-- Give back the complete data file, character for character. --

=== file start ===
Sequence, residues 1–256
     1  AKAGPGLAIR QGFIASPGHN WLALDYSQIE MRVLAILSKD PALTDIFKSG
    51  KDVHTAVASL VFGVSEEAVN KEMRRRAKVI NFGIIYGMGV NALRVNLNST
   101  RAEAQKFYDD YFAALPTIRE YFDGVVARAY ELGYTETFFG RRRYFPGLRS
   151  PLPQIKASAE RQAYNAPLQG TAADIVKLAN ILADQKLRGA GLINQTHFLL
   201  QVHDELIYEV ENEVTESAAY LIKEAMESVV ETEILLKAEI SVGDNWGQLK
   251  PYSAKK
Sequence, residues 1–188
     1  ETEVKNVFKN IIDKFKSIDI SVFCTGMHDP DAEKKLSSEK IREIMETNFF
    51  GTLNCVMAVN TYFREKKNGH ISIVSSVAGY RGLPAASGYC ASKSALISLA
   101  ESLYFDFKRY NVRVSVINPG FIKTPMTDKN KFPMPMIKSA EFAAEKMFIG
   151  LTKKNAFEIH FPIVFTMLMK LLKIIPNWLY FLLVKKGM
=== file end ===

Sequence, residues 1–256
     1  AKAGPGLAIR QGFIASPGHN WLALDYSQIE MRVLAILSKD PALTDIFKSG
    51  KDVHTAVASL VFGVSEEAVN KEMRRRAKVI NFGIIYGMGV NALRVNLNST
   101  RAEAQKFYDD YFAALPTIRE YFDGVVARAY ELGYTETFFG RRRYFPGLRS
   151  PLPQIKASAE RQAYNAPLQG TAADIVKLAN ILADQKLRGA GLINQTHFLL
   201  QVHDELIYEV ENEVTESAAY LIKEAMESVV ETEILLKAEI SVGDNWGQLK
   251  PYSAKK
Sequence, residues 1–188
     1  ETEVKNVFKN IIDKFKSIDI SVFCTGMHDP DAEKKLSSEK IREIMETNFF
    51  GTLNCVMAVN TYFREKKNGH ISIVSSVAGY RGLPAASGYC ASKSALISLA
   101  ESLYFDFKRY NVRVSVINPG FIKTPMTDKN KFPMPMIKSA EFAAEKMFIG
   151  LTKKNAFEIH FPIVFTMLMK LLKIIPNWLY FLLVKKGM